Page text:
How the ‘Stuff’ in Formulations Impacts the Delivery of Actives

Feb 1, 2013 | Contact Author | By: Steven Abbott, PhD, Steven Abbott TCNF Ltd. and the University of Leeds
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Title: How the ‘Stuff’ in Formulations Impacts the Delivery of Actives
formulating for efficacy (FFE)x activesx deliveryx solubilityx siliconesx emulsifiersx preservativesx
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Keywords: formulating for efficacy (FFE) | actives | delivery | solubility | silicones | emulsifiers | preservatives

Abstract: Formulations contain many ingredients that are vital for some important function, such as providing stability. However, what does this “stuff” do in terms of helping or (usually) hindering the delivery of the all-important active? And how much of the active is actually available to deliver? A few simple questions and measurements, described here, can provide a wealth of insight.

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S Abbott, How the ‘stuff’ in formulations impacts the delivery of actives, Cosm & Toil 128(2) 116-123 (Feb 2013)

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Congratulations, the newly developed formulation is near perfect, looks good and smells great. The sensorial panel has given it rave reviews. The “chemical-free” cosmetics scaremongers on the Internet will find it contains only wholesome ingredients. Manufacturing loves it because it almost makes itself, and the accountants cannot believe its low cost. Even better, it contains the company’s latest XY95 ingredient, proven in lab tests to do wonders to the user’s skin. The “9 out of 10 women” test has also been passed, where the old trick of a 10-day scientific “washout” period has been enacted, so that even the simplest formula would have had the panelists saying their skin feels much softer than before.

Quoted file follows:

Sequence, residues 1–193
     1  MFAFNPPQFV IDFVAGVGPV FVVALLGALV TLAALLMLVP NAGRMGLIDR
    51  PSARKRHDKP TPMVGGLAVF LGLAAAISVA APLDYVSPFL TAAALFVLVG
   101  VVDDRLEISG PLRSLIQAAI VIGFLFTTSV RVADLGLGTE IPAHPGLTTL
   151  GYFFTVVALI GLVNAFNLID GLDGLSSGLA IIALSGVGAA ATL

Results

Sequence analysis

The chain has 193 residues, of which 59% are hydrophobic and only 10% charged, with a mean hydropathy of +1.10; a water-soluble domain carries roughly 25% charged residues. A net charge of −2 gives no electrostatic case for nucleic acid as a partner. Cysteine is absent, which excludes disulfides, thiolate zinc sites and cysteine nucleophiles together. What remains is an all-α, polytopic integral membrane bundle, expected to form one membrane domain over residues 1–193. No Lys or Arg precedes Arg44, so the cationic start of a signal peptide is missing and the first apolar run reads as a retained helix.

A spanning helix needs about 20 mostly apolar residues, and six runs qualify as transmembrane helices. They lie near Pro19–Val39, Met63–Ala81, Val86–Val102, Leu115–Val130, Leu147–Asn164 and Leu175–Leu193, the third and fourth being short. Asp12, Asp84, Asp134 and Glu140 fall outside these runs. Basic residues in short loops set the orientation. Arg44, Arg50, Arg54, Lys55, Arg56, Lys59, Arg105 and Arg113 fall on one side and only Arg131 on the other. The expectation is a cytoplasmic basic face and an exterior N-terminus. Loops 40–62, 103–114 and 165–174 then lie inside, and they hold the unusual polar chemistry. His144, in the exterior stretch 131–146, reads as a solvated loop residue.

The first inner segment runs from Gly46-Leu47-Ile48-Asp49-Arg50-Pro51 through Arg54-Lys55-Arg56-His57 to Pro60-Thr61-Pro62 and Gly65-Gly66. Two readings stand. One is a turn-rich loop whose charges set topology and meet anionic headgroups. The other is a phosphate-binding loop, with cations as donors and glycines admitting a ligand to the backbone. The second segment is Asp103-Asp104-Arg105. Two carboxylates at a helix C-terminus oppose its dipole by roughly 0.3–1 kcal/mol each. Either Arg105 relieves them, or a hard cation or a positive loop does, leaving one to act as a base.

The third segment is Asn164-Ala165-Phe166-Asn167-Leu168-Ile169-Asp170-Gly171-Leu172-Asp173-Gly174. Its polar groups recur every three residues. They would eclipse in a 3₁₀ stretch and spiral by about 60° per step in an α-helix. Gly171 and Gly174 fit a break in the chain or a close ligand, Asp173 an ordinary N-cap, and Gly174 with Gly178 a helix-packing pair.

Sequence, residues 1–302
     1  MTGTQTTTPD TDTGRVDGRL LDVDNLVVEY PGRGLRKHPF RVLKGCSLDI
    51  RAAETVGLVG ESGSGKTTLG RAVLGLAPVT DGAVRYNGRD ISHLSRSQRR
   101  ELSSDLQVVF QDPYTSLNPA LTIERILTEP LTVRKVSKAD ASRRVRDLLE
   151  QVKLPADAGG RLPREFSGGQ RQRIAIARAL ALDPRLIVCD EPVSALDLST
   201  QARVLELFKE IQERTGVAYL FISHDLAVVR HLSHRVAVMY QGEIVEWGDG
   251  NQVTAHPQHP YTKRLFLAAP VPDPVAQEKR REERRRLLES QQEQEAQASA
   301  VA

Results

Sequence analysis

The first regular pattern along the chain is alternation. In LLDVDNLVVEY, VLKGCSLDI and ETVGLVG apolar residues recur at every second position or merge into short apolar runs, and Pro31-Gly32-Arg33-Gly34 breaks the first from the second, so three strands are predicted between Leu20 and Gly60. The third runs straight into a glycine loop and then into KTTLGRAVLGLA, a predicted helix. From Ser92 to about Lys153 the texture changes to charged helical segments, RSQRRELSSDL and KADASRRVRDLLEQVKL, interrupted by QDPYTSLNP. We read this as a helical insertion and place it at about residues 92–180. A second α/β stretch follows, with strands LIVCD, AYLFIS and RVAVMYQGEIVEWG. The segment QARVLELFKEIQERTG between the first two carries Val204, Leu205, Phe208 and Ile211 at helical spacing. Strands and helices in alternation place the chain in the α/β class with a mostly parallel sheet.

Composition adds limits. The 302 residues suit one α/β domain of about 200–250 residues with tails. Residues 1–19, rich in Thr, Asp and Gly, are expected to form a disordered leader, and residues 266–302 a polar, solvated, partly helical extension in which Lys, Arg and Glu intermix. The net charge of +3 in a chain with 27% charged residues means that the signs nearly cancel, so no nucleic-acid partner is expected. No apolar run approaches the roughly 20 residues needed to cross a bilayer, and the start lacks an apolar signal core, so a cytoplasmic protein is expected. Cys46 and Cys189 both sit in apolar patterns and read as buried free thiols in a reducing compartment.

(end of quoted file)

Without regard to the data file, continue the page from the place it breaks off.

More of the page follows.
There is only one piece of information lacking before the company makes millions and a promotion is assured: the result. Unfortunately, an expensive clinical trial with a genuine comparison of the same formulation with and without the active shows no difference. All the improvements came from a placebo effect and those other two well-proven ingredients: oil and water. However the statisticians look at the data, it seems as though the wonder ingredient XY95 is having no effect whatsoever. What could have possibly gone wrong? All the tests were double-checked, so there can only be one conclusion: Hardly a molecule of XY95 made it into the right part of the skin. This scenario is played out countless times throughout the cosmetics industry—a fact known to industry insiders but for obvious reasons, is not loudly proclaimed—and is largely unnecessary. Much wasted effort could be avoided by thinking through the delivery issues beforehand.

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This content is adapted from an article in GCI Magazine. The original version can be found here.

 
 

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